Climbing to the summit of Mt. Everest without supplementary oxygen was a feat which was thought to be scientifically impossible for many years. Experts predicted that the reduced oxygen levels near the top would not be able to support the human body during such an exhausting climb. The summit sits about 8 kilometres high, which means there is only a third of the oxygen available at sea level, not to mention the dangerous icy slopes that have claimed the lives of many climbers. It wasn’t until 1978 that two talented mountaineers proved studies wrong when they reached the top after a long and challenging ascent. During a climb like this, the human body demonstrates its amazing ability to adapt to hostile environments. Conditions on Everest demand a change in breathing rate and the blood will thicken to continue supplying the muscles and brain with enough oxygen to stay conscious and climbing.
Step one: Acclimatizing your Blood
Without spending time acclimatizing, climbing Everest would be impossible. While the human body performs best at sea level, our bodies do have the capacity to adapt to different environments. However, if you do not give your body the time it needs to adapt to the low oxygen levels, you will likely succumb to one of the three altitude based illnesses:
Acute Mountain Sickness shows non-specific symptoms and resembles the flu or a hangover. If you show symptoms, you must wait to acclimatize before continuing. High Altitude Pulmonary Edema (fluid accumulating in the lungs) or High Altitude Cerebral Edema (fluid accumulating in the brain) are much more serious and deadly. Symptoms include loss of motor function, vomiting and fever. If experienced, the climber should immediately descend to a lower altitude and seek medical attention.
To let your blood adapt, you must wait. Your body will start to produce more red blood cells so it can carry more oxygen. These extra cells lead to blood thickening, and it will continue to adapt as you continue ascending. There no outlined “perfect schedule” for acclimatization but there are recommendations. Since everyone is different, it is important to read your body’s signals and not push ahead too quickly, never ascending more than 1000 feet per day.
Step two: Deep Breaths
Everyone breathes deeper and faster at high altitudes, it’s our bodies’ response to the decreased oxygen in the air. The purpose of our lungs is to keep a steady flow of fresh oxygen available to our blood stream. That oxygen is carried by our blood to the tissues throughout our body. Once we start to elevate, we take in less oxygen per breath so we must increase our breathing rate to keep enough oxygen coming in. Purposeful hyperventilation or “pressure breathing” is often utilized by mountain climbers to combat nausea or raise oxygen levels if they are low. But be aware, hyperventilation can lead to dehydration as you breathe out moisture with each breath.
Step three: Supplemental Oxygen
So you have acclimatized your blood, you have hyperventilated, and you are approaching the summit. The air is so thin there that helicopter blades may fail to catch and plummet suddenly. If supplemental oxygen is not used, any climber is in immediate danger, regardless of time spent acclimatizing. This lack of oxygen can lead to hypoxia and strange behaviours in humans, such as chatting with imaginary companions and seeing strange visions. Altitude experts claim that the lack of oxygen near the summit weakens the brain’s higher functions: judgment, perception, memory and will. Impairing these critical functions has resulted in many high-altitude tragedies.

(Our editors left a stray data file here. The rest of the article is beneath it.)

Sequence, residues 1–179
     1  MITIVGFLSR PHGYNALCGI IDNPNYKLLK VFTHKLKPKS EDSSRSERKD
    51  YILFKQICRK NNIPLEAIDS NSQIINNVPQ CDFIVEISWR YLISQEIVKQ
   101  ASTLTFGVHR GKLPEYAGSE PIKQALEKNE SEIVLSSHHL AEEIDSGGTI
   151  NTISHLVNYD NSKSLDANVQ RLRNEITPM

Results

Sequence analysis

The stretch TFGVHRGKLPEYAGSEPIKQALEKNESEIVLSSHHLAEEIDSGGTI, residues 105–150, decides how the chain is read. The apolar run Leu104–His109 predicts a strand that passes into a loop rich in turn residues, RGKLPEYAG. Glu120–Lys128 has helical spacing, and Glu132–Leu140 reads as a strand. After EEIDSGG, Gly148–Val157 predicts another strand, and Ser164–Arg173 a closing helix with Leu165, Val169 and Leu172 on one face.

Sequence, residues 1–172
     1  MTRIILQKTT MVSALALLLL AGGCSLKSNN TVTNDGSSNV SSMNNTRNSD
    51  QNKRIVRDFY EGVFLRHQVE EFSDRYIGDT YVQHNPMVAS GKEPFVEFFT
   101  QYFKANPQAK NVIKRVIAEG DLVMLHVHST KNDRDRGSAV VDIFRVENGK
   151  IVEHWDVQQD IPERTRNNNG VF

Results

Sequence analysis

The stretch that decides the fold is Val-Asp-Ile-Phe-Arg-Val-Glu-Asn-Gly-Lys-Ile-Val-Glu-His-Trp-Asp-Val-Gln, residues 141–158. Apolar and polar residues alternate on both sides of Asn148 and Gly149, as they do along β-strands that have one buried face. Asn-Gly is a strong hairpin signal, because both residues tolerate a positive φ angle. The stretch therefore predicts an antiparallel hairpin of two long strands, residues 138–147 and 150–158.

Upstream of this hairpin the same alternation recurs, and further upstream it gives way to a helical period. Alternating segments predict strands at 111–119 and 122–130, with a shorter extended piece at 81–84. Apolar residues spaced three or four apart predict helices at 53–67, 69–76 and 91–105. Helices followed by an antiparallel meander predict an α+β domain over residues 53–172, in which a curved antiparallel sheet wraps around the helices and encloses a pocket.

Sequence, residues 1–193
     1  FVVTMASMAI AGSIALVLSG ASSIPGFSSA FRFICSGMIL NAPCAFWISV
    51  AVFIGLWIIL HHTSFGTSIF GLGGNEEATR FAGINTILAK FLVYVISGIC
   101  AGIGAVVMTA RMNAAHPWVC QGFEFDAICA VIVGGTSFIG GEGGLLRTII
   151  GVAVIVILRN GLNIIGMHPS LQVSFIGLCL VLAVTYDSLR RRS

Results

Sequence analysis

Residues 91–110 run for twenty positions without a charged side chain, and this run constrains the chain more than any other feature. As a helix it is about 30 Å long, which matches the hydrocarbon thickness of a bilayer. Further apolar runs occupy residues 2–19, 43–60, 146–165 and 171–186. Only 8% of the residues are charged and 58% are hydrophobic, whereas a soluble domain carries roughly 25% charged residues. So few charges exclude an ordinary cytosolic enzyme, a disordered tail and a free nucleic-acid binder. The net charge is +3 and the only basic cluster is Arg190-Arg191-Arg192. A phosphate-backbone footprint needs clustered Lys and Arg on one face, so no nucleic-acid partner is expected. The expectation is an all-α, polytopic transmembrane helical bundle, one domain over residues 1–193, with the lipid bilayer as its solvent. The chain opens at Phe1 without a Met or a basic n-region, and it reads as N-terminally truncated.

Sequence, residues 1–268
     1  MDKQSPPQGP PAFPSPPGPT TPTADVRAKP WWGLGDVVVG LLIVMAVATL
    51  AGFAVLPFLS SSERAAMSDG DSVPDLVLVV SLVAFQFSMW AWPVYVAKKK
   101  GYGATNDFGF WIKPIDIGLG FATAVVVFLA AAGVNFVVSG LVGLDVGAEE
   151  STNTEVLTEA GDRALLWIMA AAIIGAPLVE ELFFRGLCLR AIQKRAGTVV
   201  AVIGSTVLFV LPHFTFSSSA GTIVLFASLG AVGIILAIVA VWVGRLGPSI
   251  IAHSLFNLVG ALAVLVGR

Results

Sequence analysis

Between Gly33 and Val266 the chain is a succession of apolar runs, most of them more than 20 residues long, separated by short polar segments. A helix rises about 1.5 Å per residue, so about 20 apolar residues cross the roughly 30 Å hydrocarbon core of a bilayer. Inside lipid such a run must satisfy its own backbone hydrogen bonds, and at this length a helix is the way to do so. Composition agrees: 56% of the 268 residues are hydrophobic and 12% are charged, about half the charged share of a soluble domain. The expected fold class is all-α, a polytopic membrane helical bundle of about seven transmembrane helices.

A 2008 study of professional and amateur climbers showed that every climber who climbed Everest showed brain damage upon their return in an MRI scan, and many were not aware. A scan was not necessary for some climbers, who showed obvious symptoms of brain injury such as problems with speech (aphasia), transient memory loss and slowed mental function. Does your brain heal from this damage? While some of the extreme symptoms reduced over time, scans showed that damage was still apparent in all of the climbers scans 3 years after climbing.
Step four: Motivation and Ethics
Motivation is clearly important to get to the top of a mountain, but is too much motivation a bad thing? The term “summit fever” is often used to describe climbers who make questionable decisions during their climb because they are blinded by their desire to reach the summit. One example is that of David Sharp, a 34 year-old man who attempted to climb Everest alone. He was near the summit and took a break near a well-known frozen human corpse known as “Green Boots.” Sharp never mustered the strength to stand up again and needed help to return to the next closest camp. Over 40 climbers walked right past Sharp that day, some attempting to give him oxygen or water, but each one of them decided for one reason or another that they were not going to help him. People invest many things in this experience including money, time, physical training and emotions, and this fixation with succeeding makes the slopes of Everest even more ruthless.
The idea of climbing Mount Everest, or other large mountains, continues to grow in popularity, but they come at quite a price. It can provide an experience of a lifetime—pushing your body to its limits to reach the upper limits of the globe. But, along with the rigorous mental and physical preparations, be prepared to fund your trip, which will typically cost you about as much as new car. However, as science shows us, you will pay for your Everest climb with more than just money; you’ll also pay with precious, precious brain tissue.
Despite the risks, Everest continues to capture the imagination. This weekend (May 21 and 22, 2016) marks the 20th anniversary of the 1996 Mount Everest Disaster which was recorded by an IMAX film crew. The resulting film, Everest, will be showing in our OMNIMAX® Theatre May 21-23, 2016, at 5pm.